Swiss executive director Rene Weber in a prepared statement to the board for the May 9, 2010 meeting: We have “considerable doubts about the feasibility of the program…We have doubts on the growth assumptions, which seem to be overly benign. Even a small negative deviation from the baseline growth projections would make the debt level unsustainable over the longer term…Why has debt restructuring and the involvement of the private sector in the rescue package not been considered so far?”

“The exceptionally high risks of the program were recognized by staff itself, in particular in its assessment of debt sustainability.”

“Several chairs (Argentina, Brazil, India, Russia, and Switzerland) lamented that the program has a missing element: it should have included debt restructuring and Private Sector Involvement (PSI) to avoid, according to the Brazilian ED, ‘a bailout of Greece’s private sector bondholders, mainly European financial institutions.’ The Argentine ED was very critical at the program, as it seems to replicate the mistakes (i.e., unsustainable fiscal tightening) made in the run up to the Argentina’s crisis of 2001. Much to the ‘surprise’ of the other European EDs, the Swiss ED forcefully echoed the above concerns about the lack of debt restructuring in the program, and pointed to the need for resuming the discussions on a Sovereign Debt Restructuring Mechanism.”

“The Swiss ED (supported by Australia, Brazil, Iran) noted that staff had ‘silently’ changed in the paper (i.e., without a prior approval by the board) the criterion No.2 of the exceptional access policy, by extending it to cases where there is a ‘high risk of international systemic spillover effects.’”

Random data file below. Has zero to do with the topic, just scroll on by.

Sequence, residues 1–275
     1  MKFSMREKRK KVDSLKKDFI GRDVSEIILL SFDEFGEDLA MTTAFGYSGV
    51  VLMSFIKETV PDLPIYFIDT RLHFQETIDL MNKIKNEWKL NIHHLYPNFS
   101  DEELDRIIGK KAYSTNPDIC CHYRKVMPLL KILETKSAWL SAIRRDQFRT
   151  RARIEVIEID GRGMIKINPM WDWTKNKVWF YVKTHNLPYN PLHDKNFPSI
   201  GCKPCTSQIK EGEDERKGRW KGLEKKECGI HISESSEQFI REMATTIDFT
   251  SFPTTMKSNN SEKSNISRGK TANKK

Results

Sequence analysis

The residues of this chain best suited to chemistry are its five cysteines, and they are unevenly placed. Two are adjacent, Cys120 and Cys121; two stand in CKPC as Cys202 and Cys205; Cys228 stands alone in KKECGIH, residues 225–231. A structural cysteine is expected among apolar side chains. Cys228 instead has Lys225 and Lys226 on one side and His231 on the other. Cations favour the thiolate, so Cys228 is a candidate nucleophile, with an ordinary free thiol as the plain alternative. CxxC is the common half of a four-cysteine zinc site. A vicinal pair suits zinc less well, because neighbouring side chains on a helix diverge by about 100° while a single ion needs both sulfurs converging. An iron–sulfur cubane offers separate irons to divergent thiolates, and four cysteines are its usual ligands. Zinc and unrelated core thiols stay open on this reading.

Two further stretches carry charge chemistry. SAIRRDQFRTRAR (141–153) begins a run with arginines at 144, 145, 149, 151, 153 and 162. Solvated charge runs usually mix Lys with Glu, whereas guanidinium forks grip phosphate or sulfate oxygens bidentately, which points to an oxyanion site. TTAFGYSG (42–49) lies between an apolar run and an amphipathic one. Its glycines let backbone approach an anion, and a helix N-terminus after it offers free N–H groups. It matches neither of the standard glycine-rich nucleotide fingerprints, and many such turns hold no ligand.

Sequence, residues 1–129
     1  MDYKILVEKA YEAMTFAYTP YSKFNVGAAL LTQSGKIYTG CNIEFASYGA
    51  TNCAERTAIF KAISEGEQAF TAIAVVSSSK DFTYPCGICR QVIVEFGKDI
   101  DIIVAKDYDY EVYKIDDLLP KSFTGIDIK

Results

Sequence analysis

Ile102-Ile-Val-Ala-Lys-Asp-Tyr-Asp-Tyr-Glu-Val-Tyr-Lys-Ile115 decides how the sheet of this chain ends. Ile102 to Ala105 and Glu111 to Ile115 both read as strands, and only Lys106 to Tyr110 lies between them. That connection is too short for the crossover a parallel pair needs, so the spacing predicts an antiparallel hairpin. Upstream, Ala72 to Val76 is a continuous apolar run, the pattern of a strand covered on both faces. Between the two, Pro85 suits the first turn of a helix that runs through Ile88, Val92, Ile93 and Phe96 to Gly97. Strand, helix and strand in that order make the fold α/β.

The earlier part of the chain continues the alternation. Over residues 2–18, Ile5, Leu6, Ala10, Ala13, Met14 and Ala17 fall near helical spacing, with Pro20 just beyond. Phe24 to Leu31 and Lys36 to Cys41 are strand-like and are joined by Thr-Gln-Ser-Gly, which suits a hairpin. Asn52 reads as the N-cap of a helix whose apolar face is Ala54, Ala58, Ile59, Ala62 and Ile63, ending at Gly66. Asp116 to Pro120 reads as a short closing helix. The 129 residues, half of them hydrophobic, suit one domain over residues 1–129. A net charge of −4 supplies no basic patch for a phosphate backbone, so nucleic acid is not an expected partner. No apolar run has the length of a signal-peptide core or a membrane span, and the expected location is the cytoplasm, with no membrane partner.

The NZZ writes:

[Swiss ED Weber asked:] “Wie reagiert der Fonds, wenn die Behörden die Sparmassnahmen und Strukturreformen nicht umsetzen?”

[IMF-deputy John Lipsky said:] “Es gibt keinen Plan B. Es gibt einen Plan A und die Absicht, dass Plan A erfolgreich ist.”

“Ich kann die Direktoren informieren, dass deutsche Banken Unterstützung für Griechenland erwägen”, sagte der deutsche IMF-Direktor Klaus Stein. Sein französischer Kollege Ambroise Fayolle ergänzte, auch die Banken seines Landes würden ihren Job tun.

Nevada Shell Companies, Elliott and Argentina

The Economist reports about Nevada shell companies. In its eternal struggle against the Republic of Argentina, Elliott Management is inquiring about several shell companies in the state. They are suspected to own funds that might have been stolen from the Republic. The hedge fund reasons that it is entitled to those funds because they belong to Argentina, and Argentina owes 2 billion dollars to Elliott according to earlier court rulings. Elliott sued in Nevada for information on the shell companies and has been partially successful.

Parallels between Argentina and Greece

On Project Syndicate, Raquel Fernández and Jonathan Portes offer four lessons from the Argentinian default in 2001 for Greece:

… if the economics are on your side, you can and should ignore politicians prophesying disaster. … a short period of political turmoil can cost surprisingly little compared to a long period of mindless pursuit of misconceived policies. But … Greece must acknowledge that its fundamental problems are of its own making. … Greece is unlikely to enjoy the breathing space provided by a commodity boom. If it is to place itself on the road to a sustainable recovery, it has no time to lose.

Argentina’s Costless Default

Werner Marti reports in the NZZ that in contrast to events in 2001, Argentina’s latest default has not generated significant additional costs for the typical Argentinian household. Additional, that is, to the costs that households had to bear because their country had already mostly been excluded from international capital markets at affordable rates.